3 Qualities to Look For in a True Friend
One of my best friends just had a bad month. A really bad month.
He lives across the country but decided to fly to Boston to see some family and close friends, myself included. He needed to get away and seek the support of the people who care about him.
We spent a great couple of days together last week. Then unexpectedly, he texted me Tuesday morning asking if I wanted to hang out once more before he left.
I’ve been behind lately on some work stuff, specifically an idea for an article for this week. With my retreat on the horizon, some site changes in the works, and my first time mentoring someone to be a coach — I’ve got a lot on my plate.
Inviting my friend over would potentially mean not posting for over two weeks. I haven’t done that in maybe…ever. And in the end, it directly impacts my bottom line.
But saying no to him never even crossed my mind. This is someone I love like a brother. He’s always been there for me and I would do anything for him.
He is a true friend. So I invited him over.
(Coincidentally, hanging out with him inspired this article!)
As my wife and I talked with him, he spoke about how lucky he was to have amazing friends through these tough times. This got us talking about how true friendship is critical to long-term happiness. And also how rare those type of friendships are.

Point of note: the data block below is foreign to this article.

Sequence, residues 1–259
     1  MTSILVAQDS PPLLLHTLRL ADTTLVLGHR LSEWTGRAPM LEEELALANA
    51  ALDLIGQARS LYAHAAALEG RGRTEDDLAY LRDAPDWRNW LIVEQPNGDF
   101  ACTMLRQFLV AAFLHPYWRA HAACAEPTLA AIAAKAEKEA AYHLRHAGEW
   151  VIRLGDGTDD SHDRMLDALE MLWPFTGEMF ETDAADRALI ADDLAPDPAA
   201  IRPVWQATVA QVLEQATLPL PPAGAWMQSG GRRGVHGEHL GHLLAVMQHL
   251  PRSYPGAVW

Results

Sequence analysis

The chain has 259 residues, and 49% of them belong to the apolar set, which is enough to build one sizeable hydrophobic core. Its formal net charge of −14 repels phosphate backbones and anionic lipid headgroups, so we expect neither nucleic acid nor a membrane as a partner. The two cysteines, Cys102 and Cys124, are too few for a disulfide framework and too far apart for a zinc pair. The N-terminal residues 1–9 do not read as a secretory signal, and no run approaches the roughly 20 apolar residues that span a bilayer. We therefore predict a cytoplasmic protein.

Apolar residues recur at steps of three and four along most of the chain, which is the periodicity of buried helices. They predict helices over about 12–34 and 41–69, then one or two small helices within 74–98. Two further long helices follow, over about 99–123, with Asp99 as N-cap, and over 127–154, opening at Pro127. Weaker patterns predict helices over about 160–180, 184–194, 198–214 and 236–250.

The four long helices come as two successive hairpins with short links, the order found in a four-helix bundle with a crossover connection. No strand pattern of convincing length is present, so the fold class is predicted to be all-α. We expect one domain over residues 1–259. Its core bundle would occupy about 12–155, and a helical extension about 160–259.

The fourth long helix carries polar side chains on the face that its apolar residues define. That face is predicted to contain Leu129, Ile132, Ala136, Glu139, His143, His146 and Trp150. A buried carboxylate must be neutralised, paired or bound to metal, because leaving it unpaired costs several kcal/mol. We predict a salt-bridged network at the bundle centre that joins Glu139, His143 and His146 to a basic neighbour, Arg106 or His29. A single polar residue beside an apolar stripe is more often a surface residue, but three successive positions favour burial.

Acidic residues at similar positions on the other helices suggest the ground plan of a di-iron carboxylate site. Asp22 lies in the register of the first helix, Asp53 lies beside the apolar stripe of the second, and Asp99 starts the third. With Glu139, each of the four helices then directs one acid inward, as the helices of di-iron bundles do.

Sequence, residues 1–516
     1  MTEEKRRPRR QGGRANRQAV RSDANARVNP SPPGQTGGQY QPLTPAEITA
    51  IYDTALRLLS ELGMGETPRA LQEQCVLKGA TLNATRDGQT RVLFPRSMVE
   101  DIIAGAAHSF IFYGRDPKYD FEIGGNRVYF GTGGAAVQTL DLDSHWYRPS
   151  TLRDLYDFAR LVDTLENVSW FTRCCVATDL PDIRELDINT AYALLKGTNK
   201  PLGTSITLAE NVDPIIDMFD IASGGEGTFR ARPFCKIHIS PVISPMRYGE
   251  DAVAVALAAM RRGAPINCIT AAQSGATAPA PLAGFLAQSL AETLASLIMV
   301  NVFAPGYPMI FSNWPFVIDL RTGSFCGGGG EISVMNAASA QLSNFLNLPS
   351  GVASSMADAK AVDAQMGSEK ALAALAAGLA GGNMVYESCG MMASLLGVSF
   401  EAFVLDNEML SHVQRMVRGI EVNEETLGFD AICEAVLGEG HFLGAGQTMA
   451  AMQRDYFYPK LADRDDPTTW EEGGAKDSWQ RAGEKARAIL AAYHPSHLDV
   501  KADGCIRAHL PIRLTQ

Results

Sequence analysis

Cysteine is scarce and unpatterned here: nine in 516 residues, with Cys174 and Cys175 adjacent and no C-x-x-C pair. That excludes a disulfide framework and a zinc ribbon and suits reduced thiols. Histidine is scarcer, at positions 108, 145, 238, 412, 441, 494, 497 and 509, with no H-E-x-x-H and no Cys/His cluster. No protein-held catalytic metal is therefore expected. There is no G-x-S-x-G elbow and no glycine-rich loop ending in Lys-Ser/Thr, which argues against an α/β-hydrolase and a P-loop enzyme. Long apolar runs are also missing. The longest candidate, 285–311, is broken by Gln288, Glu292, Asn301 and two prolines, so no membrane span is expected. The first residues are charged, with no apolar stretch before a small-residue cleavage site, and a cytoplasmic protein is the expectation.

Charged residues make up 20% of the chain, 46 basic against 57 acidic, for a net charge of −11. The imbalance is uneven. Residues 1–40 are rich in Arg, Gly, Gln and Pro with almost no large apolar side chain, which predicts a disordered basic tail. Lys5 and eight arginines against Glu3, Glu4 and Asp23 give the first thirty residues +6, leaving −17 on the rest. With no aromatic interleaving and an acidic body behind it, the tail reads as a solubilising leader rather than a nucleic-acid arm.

Most of us have only a few people we’d consider at that level, and many we’d consider acquaintances or casual friends. Some of us don’t have any of these kinds of friends at all.
That’s because to consider someone a true friend, they have to have some very specific qualities. We are critical of the people we let get that close to us.
Eventually, our conversation led us to try and answer, “What should you look for in a true friend?” Here’s what we came up with.
They can be vulnerable with you
There are so many awesome reasons for friendship…
You get to laugh with your friends and let loose from the daily stresses of life. You can go out with them and meet other people. You get to pursue your hobbies with someone by your side. You can take trips, go on adventures, and create unforgettable stories together.
What makes a friend a close friend, though, is their ability to have real, meaningful conversations with you.
This means that when you open up about something personal, they relate back with some depth. They don’t just keep things surface level or try to change the subject because it’s uncomfortable.
In turn, they open up to you when they’re hurting or need someone to talk to. They’re not concerned with maintaining a facade of always being fine and unfazed by life.
A close friend should be able to share their true feelings with you. They should be able to reveal their own struggles and insecurities at times. They should be willing to engage in hard conversations to support you and grow together.
Strong connections stem from vulnerability. When someone is willing to be seen and judged, we know they have “skin” in the relationship. This allows us to see their true character and begin to trust them on a deeper level.
Finding these close friends are worth it because when you face the inevitable hardships of life, you’ll want someone who can make you feel understood…and also make a well-timed dick joke.
They proactively show they care about you
Maintaining any substantial relationship is hard work.
The only way things thrive is when both people continue to invest in one another.
True friends understand this and because they value your relationship, they make time to see you. Or, at the very least, they reach out you periodically just to see how things are.